What this article leaves out is something that is heavily weighed in prescribing psychotropic drugs to chronically mentally ill patients. And that is how fast the patient metabolizes the drug and clears it from their system. Their are “rapid metabolizers” who sometimes require very high doses to control their symptoms and behavior and “slow metabolizers” who sometimes require exceeding low doses of the same drug to avoid being over medicated and developing severe side effects. Whether you are a slow metabolizer or a fast metabolizer is strictly genetic to the best of our knowledge; psychotropic drugs and other medications are cleared through the liver and/or kidneys. People’s reactions to drug dosages vary enormously. If this fact is taken in to consideration the findings of this study become essentially meaningless. Another limitation is that the population was largely young adult males in addition to the small N. The generalizations that are drawn are rather amazing and I am neutral on the subject of legalizing marijuana and do not use it myself.

Mar 29, 2014 1:26am EDT  --  Report as abuse
Blacklungz wrote:

Actually, it varies with people, I have been smoking for 30+ years, but have never had any issues stopping, it sucked, but I have stopped 100′s of times, sometimes for years at a time, most likely months though. However, I get withdrawal symptoms, mostly diarrhea and mega dreaming for a few days of not smoking when smoking everyday for months or years at a time. But what this article fails to mention is: what’s wrong with THC? article continually speaks as if THC is bad for you. Has there been recent evidence claiming THC causes addiction? or death? NO. So this article is irrelevant to begin with. For the last time, it’s not the pot, it’s the person. If pot caused laziness or whatever stupid stereotype’s weed gets, then everyone would be that way………and we’re not.

Mar 29, 2014 1:42am EDT  --  Report as abuse
Blacklungz wrote:

Only weak tiny people get high? Do you mean the 70 percent of NBA basketball players? or Michael Phelps? maybe Bill Gates? or 1/2 of the NFL football players? Maybe you mean George Washington, Thomas Jefferson, Benjamin Franklin, or better yet, Albert Einstein, all smokers and supporters of both weed and hemp. OH, and yeah, it’s re-legalization, people keep forgetting weed was legal in America all the way up until 1937, in which it was made illegal.

Mar 29, 2014 1:48am EDT  --  Report as abuse
alwaysskeptic wrote:

Many years ago there was a distinction between psychological dependence and addiction. The difference had to do with severity of withdrawal, i.e., addiction causing delirium tremens upon withdrawal. Now-a-days, sadly, everything is labeled as addiction.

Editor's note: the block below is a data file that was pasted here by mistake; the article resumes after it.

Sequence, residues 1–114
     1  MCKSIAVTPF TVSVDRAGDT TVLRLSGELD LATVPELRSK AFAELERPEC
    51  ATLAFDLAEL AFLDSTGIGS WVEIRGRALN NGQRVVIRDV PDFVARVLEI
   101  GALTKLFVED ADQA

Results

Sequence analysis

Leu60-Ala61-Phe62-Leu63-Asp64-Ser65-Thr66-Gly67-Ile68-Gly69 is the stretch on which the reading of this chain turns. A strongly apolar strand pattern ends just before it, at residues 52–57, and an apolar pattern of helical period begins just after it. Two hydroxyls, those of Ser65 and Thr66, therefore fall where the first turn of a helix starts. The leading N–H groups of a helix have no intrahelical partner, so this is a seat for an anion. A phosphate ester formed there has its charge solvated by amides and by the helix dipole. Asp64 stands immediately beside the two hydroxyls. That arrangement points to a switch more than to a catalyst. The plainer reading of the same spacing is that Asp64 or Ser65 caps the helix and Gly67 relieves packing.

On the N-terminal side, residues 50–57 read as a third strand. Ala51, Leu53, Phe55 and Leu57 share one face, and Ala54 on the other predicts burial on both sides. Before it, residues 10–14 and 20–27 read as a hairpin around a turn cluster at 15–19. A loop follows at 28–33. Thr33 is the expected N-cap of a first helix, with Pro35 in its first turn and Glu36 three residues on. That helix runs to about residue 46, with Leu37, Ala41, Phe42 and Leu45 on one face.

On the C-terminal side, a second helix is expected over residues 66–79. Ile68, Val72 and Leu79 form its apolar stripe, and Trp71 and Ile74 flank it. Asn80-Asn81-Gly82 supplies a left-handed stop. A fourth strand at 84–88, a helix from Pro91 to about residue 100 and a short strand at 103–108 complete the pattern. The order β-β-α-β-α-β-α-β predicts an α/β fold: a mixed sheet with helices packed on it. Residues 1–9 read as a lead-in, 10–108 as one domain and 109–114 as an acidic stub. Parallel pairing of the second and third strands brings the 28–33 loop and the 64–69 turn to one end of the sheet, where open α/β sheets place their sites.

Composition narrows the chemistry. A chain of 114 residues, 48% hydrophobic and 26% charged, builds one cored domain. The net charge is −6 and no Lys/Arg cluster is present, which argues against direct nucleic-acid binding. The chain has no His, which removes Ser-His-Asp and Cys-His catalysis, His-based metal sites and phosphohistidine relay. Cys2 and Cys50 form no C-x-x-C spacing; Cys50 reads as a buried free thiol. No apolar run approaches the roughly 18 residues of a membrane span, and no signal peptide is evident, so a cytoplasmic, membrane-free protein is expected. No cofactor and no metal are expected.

Mar 29, 2014 6:08am EDT  --  Report as abuse
Barbd wrote:

DUH

Mar 29, 2014 9:35am EDT  --  Report as abuse
DavidAer wrote:

People with personalities that are prone to addictive behavior are more likely to display addictive behavior. This study could have been repeated with leisure activities like gambling, gaming or even sex and shown the same results.
This is not so much a study, more like a technique for linking things together that have no natural link.

Mar 29, 2014 9:35am EDT  --  Report as abuse
Gandalf420 wrote:

This is probably the most poorly written article I’ve read in a good long while. Most of it could have been said in a single paragraph.

Was the editor and/or author taking part in the experiment?

Mar 29, 2014 10:49am EDT  --  Report as abuse
markavelli69 wrote:

Smokers acquire a high tolerance to the drug quite easily. Its very common to stop for 5 days to reset your tolerance level. This FACT, in itself shows that higher potency leads to more use.
Not sure why they needed a study….

Btw, very Funny reading everyone’s denialist comments about addiction. “psychological” or “social” addiction is still an addiction. Either you can stop cold turkey or you can’t.

Mar 29, 2014 11:37am EDT  --  Report as abuse
markavelli69 wrote:

Do I see some fungus on one of those buds???

Mar 29, 2014 11:52am EDT  --  Report as abuse
gregbrew56 wrote:

markavelli69 – It would appear so. Poorly cured. Time to change coffee shops.

Mar 29, 2014 12:12pm EDT  --  Report as abuse
rikfre wrote:

the same can be said of alcohol, caffeine,nicotine…and sugar…

Mar 29, 2014 12:42pm EDT  --  Report as abuse
BatRastardson wrote:

markavelli69 – “This FACT, in itself shows that higher potency leads to more use.”

I question that nuance. I read your assertion to define “more use” exclusively as larger quantities, counteracting the effects of tolerance. The other variable here is frequency of use; i.e., how many days of use per given period of time.

Those two facets do not have a direct correlation to each other, so each is interesting in its own right.